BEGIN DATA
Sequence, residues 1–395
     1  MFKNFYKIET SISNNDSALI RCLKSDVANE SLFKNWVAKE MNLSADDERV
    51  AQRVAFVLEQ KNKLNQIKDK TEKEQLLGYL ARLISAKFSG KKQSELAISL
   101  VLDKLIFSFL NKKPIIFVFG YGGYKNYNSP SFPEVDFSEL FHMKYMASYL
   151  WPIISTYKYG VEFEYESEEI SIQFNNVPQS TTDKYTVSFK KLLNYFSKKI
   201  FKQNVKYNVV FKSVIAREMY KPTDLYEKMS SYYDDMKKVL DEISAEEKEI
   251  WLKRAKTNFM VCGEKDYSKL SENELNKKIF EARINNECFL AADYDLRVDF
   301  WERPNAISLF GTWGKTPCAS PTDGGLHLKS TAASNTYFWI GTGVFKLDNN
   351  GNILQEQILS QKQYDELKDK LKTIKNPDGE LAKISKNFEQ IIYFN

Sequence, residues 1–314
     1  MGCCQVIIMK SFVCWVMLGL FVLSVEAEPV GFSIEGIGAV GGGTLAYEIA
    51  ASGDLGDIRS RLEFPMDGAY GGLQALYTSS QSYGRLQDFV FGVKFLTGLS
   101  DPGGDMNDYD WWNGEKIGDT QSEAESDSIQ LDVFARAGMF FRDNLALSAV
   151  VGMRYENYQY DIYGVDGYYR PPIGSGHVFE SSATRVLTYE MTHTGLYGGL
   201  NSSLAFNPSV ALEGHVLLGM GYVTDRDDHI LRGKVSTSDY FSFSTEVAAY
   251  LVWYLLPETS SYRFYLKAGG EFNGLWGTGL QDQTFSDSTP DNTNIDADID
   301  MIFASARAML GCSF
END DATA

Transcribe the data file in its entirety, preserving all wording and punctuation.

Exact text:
Sequence, residues 1–395
     1  MFKNFYKIET SISNNDSALI RCLKSDVANE SLFKNWVAKE MNLSADDERV
    51  AQRVAFVLEQ KNKLNQIKDK TEKEQLLGYL ARLISAKFSG KKQSELAISL
   101  VLDKLIFSFL NKKPIIFVFG YGGYKNYNSP SFPEVDFSEL FHMKYMASYL
   151  WPIISTYKYG VEFEYESEEI SIQFNNVPQS TTDKYTVSFK KLLNYFSKKI
   201  FKQNVKYNVV FKSVIAREMY KPTDLYEKMS SYYDDMKKVL DEISAEEKEI
   251  WLKRAKTNFM VCGEKDYSKL SENELNKKIF EARINNECFL AADYDLRVDF
   301  WERPNAISLF GTWGKTPCAS PTDGGLHLKS TAASNTYFWI GTGVFKLDNN
   351  GNILQEQILS QKQYDELKDK LKTIKNPDGE LAKISKNFEQ IIYFN

Sequence, residues 1–314
     1  MGCCQVIIMK SFVCWVMLGL FVLSVEAEPV GFSIEGIGAV GGGTLAYEIA
    51  ASGDLGDIRS RLEFPMDGAY GGLQALYTSS QSYGRLQDFV FGVKFLTGLS
   101  DPGGDMNDYD WWNGEKIGDT QSEAESDSIQ LDVFARAGMF FRDNLALSAV
   151  VGMRYENYQY DIYGVDGYYR PPIGSGHVFE SSATRVLTYE MTHTGLYGGL
   201  NSSLAFNPSV ALEGHVLLGM GYVTDRDDHI LRGKVSTSDY FSFSTEVAAY
   251  LVWYLLPETS SYRFYLKAGG EFNGLWGTGL QDQTFSDSTP DNTNIDADID
   301  MIFASARAML GCSF